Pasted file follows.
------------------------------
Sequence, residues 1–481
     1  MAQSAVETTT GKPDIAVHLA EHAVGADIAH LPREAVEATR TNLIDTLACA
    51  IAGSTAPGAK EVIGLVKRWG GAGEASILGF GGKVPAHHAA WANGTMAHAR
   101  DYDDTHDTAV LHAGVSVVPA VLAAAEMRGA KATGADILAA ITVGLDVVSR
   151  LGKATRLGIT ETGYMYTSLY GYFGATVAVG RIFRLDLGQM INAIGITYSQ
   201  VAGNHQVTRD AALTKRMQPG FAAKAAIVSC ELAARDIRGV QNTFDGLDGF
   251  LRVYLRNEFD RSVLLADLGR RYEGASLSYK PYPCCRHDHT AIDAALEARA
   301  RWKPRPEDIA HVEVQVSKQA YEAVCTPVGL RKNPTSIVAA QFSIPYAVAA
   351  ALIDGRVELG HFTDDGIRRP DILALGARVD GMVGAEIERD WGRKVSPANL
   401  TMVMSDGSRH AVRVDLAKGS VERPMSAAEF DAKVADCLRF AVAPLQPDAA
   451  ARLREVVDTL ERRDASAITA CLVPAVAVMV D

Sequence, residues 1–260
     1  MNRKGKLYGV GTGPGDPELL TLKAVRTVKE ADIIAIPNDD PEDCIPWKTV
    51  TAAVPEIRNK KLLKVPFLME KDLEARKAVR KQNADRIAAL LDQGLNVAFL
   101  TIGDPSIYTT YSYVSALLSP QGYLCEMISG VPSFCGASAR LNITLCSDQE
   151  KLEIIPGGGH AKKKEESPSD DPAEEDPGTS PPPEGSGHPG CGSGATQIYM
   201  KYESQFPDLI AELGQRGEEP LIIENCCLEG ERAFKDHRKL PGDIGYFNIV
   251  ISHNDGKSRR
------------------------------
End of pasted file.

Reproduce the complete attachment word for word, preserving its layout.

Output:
Sequence, residues 1–481
     1  MAQSAVETTT GKPDIAVHLA EHAVGADIAH LPREAVEATR TNLIDTLACA
    51  IAGSTAPGAK EVIGLVKRWG GAGEASILGF GGKVPAHHAA WANGTMAHAR
   101  DYDDTHDTAV LHAGVSVVPA VLAAAEMRGA KATGADILAA ITVGLDVVSR
   151  LGKATRLGIT ETGYMYTSLY GYFGATVAVG RIFRLDLGQM INAIGITYSQ
   201  VAGNHQVTRD AALTKRMQPG FAAKAAIVSC ELAARDIRGV QNTFDGLDGF
   251  LRVYLRNEFD RSVLLADLGR RYEGASLSYK PYPCCRHDHT AIDAALEARA
   301  RWKPRPEDIA HVEVQVSKQA YEAVCTPVGL RKNPTSIVAA QFSIPYAVAA
   351  ALIDGRVELG HFTDDGIRRP DILALGARVD GMVGAEIERD WGRKVSPANL
   401  TMVMSDGSRH AVRVDLAKGS VERPMSAAEF DAKVADCLRF AVAPLQPDAA
   451  ARLREVVDTL ERRDASAITA CLVPAVAVMV D

Sequence, residues 1–260
     1  MNRKGKLYGV GTGPGDPELL TLKAVRTVKE ADIIAIPNDD PEDCIPWKTV
    51  TAAVPEIRNK KLLKVPFLME KDLEARKAVR KQNADRIAAL LDQGLNVAFL
   101  TIGDPSIYTT YSYVSALLSP QGYLCEMISG VPSFCGASAR LNITLCSDQE
   151  KLEIIPGGGH AKKKEESPSD DPAEEDPGTS PPPEGSGHPG CGSGATQIYM
   201  KYESQFPDLI AELGQRGEEP LIIENCCLEG ERAFKDHRKL PGDIGYFNIV
   251  ISHNDGKSRR